In 2017, for the first time ever, China became the biggest investor in the Russian economy, EY revealed. In previous years, the biggest investors had been either the US or Germany. China boosted its investment into Russia by 3.5 times in 2017, compared to the previous year, EY estimated, However, it did not provide specific data to back up this research.
Similar information had been released earlier by the Russian Central Bank. Over the first three quarters of 2017, foreign investment in Russian agriculture amounted to $235 million (m), a drop of $95m or 30% on the same comparable period in the previous year, it said.
Foreign investment in Russian agriculture has dropped nearly threefold since its peak of around $900m in 2013, Central Bank estimated. The strongest slump was recorded in 2014 – the year when the first international sanctions against Russia were implemented. In that year, foreign investment dropped by more than 30% or $300m, the Central Bank revealed.
International food companies are still interested in starting new projects in Russia, but the attractiveness of investing is hampered somewhat by geopolitical risks, Daria Snitko, an analyst with Russia’s Gazprombank, told local media Agroinvestor. Several major foreign companies are continuing to strengthen their positions in Russia, including Louis Dreyfus, Cargill, CP Foods and NCH Capital, she added.
As for Russia’s meat industry, the largest foreign investors are Tönnies and CP Foods, according to official information released by Russia’s Ministry of Agriculture. Both companies are involved in expansion projects, with Tönnies earlier outlining plans to build several pig farms in Voronezh Oblast and a major meat processing plant in Belgorod Oblast. Meanwhile, CP Foods wants to build a major pig farm in Moscow Oblast and, according to some media reports, has sought to acquire meat processing facilities in the European area of Russia.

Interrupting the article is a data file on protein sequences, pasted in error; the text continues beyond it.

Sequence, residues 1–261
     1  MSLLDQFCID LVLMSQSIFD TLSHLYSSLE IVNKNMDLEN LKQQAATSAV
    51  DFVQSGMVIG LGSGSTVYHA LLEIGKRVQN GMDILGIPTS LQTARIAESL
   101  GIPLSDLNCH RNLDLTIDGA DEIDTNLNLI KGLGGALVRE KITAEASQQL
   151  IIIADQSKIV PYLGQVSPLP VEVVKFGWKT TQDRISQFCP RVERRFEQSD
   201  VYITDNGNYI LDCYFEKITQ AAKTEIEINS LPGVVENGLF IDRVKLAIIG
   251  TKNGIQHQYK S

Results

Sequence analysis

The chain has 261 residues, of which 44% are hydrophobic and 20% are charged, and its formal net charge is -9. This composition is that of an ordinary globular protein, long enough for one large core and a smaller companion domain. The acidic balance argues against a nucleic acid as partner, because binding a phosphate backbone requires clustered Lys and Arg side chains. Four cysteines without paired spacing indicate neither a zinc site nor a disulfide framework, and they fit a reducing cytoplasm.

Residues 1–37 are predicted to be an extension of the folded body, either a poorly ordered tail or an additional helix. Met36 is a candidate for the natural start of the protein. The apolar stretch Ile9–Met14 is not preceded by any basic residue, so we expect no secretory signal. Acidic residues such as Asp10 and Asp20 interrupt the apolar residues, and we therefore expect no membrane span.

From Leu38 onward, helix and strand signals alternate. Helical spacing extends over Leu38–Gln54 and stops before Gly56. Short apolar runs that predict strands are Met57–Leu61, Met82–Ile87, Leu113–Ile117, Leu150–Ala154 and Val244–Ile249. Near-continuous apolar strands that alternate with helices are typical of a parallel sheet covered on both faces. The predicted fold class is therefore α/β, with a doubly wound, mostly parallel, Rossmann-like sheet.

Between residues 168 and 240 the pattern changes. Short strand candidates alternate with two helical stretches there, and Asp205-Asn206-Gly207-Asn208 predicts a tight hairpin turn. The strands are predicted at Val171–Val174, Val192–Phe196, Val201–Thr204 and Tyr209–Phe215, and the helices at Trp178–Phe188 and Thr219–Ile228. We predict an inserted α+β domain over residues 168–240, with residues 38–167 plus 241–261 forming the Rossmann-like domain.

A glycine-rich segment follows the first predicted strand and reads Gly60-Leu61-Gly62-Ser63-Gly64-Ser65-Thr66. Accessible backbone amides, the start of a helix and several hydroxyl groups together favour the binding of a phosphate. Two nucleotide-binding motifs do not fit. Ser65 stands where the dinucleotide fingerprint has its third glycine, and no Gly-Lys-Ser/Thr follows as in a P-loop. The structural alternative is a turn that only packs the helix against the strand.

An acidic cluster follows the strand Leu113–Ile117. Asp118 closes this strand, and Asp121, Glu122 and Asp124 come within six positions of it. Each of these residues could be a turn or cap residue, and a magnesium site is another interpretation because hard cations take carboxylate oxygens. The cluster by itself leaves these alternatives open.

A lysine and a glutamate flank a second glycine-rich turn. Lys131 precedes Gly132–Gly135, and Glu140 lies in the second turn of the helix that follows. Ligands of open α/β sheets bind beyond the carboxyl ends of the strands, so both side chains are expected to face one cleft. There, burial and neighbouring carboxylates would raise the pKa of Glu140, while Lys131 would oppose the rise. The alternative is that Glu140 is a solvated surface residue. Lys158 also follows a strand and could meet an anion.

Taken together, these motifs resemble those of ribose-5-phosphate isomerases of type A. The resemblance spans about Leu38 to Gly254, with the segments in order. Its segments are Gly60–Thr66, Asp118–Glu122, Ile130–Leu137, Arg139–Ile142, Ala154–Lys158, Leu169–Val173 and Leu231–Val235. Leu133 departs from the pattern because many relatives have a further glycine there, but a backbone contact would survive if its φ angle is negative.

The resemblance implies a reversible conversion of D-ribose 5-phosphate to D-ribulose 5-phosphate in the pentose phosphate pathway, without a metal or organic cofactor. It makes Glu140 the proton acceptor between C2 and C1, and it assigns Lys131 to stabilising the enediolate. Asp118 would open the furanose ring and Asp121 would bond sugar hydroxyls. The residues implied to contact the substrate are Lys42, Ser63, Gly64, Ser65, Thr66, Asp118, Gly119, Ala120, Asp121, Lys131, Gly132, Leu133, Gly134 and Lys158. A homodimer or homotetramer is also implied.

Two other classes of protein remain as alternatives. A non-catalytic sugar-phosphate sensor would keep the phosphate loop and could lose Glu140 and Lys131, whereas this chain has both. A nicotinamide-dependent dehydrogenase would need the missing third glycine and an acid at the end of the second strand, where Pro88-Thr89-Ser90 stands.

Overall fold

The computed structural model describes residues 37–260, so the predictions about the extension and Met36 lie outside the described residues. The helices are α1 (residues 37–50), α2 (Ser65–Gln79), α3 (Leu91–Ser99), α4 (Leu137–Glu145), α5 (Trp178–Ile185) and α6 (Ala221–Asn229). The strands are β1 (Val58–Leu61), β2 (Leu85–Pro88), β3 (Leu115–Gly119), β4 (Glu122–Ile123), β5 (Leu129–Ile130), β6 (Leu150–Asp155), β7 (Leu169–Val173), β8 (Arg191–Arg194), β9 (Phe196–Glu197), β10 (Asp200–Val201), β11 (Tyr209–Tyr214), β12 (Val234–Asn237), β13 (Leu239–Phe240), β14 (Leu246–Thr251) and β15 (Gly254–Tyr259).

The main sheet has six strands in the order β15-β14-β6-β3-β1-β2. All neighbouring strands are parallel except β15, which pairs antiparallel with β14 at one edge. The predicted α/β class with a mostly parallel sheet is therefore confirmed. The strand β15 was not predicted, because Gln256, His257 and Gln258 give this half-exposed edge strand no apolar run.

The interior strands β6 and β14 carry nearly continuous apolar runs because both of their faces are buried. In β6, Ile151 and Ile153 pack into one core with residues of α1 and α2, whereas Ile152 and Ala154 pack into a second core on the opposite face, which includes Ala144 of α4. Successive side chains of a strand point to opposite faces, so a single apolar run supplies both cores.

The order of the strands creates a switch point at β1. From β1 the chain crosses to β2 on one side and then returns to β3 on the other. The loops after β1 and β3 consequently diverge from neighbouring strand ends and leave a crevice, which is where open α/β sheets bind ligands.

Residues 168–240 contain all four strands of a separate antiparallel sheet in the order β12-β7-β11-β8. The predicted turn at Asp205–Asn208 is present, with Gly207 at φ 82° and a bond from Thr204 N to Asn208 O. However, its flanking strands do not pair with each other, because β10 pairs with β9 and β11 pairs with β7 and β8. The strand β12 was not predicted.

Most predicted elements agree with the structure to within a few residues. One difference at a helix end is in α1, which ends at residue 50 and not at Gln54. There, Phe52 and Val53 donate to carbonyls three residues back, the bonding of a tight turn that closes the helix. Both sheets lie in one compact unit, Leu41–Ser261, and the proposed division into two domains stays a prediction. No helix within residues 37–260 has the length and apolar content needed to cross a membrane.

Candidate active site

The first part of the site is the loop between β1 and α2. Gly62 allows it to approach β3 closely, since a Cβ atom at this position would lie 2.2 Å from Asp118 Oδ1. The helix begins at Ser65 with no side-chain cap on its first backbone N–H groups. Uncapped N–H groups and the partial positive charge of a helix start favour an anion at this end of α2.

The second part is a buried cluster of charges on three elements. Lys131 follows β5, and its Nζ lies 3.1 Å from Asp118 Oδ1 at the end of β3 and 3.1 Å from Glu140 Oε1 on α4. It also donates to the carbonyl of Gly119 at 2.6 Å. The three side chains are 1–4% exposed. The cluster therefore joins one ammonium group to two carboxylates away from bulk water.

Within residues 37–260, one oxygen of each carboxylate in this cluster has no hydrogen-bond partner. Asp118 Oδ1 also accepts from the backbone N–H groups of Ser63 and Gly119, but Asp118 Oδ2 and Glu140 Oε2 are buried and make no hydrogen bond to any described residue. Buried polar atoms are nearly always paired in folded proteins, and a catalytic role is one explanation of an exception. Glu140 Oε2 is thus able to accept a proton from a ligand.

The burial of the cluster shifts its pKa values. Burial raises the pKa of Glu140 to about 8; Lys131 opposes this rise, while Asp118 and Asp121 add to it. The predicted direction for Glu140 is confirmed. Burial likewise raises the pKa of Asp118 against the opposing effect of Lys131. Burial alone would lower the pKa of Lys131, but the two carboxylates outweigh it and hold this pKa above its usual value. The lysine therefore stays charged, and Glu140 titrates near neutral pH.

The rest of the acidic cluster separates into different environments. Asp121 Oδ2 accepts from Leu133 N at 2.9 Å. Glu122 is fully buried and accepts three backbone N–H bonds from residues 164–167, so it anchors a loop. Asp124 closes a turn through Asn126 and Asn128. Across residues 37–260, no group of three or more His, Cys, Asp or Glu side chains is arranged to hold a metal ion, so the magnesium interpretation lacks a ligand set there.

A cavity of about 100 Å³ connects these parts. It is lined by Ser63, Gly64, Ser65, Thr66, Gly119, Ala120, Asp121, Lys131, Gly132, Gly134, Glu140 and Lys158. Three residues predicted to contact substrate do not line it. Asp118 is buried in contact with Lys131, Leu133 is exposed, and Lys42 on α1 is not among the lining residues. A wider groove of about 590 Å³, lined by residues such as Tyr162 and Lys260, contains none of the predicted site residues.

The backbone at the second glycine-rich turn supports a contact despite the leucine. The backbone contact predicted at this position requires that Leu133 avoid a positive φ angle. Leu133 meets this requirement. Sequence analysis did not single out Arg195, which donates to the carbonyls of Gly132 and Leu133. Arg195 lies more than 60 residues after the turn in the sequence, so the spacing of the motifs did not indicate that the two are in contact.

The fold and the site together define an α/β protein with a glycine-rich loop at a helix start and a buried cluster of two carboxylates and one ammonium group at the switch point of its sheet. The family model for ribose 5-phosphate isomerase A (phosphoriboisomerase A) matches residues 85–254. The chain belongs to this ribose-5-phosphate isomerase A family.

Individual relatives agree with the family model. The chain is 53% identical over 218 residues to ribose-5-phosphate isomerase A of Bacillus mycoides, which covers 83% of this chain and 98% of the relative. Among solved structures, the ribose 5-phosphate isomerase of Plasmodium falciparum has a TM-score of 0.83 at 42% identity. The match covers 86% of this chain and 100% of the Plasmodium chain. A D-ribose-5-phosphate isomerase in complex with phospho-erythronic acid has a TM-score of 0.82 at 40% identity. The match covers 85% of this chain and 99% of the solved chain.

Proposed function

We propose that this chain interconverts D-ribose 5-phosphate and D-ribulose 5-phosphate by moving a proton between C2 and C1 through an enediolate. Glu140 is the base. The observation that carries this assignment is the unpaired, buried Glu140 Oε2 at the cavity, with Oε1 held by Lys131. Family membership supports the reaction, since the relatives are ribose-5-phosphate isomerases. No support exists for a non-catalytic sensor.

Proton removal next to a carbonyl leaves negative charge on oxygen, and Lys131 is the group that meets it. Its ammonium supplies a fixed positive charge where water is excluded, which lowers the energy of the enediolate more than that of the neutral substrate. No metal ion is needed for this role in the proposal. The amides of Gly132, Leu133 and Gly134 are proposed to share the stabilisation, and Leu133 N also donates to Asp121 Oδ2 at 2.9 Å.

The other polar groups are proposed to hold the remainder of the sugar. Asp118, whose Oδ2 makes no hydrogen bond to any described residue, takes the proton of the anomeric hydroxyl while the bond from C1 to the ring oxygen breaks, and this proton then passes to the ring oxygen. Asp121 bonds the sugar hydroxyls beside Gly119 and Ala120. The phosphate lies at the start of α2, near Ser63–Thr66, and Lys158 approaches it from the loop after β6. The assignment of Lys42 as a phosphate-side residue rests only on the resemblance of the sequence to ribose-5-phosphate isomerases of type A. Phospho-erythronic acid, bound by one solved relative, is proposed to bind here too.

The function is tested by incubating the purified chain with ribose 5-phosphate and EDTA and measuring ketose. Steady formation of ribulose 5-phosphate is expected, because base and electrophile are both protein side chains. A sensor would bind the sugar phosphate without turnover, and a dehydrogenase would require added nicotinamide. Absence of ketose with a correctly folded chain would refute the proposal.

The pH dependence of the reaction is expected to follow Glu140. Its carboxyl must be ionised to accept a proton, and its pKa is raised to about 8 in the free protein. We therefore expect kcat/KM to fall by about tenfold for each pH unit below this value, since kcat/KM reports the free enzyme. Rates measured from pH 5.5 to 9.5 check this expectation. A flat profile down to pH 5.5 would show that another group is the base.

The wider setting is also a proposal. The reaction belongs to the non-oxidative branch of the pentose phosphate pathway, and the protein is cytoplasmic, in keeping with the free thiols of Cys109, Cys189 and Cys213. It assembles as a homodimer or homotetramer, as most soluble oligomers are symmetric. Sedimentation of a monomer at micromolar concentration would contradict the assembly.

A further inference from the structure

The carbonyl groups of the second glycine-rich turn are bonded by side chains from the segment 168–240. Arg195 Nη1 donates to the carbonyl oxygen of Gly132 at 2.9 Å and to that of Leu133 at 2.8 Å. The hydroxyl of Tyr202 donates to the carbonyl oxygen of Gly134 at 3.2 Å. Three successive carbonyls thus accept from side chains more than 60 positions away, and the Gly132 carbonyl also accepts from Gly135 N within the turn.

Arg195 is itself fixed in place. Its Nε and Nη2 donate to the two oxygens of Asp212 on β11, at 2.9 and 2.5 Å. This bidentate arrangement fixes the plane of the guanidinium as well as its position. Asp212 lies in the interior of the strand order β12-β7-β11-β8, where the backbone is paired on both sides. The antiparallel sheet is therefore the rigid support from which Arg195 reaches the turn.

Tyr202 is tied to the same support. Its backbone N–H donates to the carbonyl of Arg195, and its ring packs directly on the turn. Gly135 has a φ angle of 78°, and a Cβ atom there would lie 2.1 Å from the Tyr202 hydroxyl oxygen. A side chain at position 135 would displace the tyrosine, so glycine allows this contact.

Foreign investment in Russia’s meat industry has reduced substantially, although this trend is primarily associated with the saturation seen on the domestic meat market, Sergey Yushin, chairman of Russia’s National Meat Association told GlobalMeatNews.
“In the early 2000s, Western investors launched a number of foreign projects in the Russian meat industry. Several US investors pumped money into the Russian poultry industry, while numerous European companies – from Denmark, Norway, Germany and elsewhere – were investing in pig farming,” said Yushin.
From 2010 onwards, Russian saw an influx of Asian investors into its pig industry, including from Thailand, Vietnam and China, added Yushin.
“Similar investment activity has not been seen in recent years, but this was not due to any problem associated with the attractiveness of investing in Russia’s meat industry,” Yushin claimed.
Meanwhile, the National Meat Association believes the flow of investment into Russia from overseas could start growing again in future, given the Russian meat industry’s strong export potential, Yushin stressed.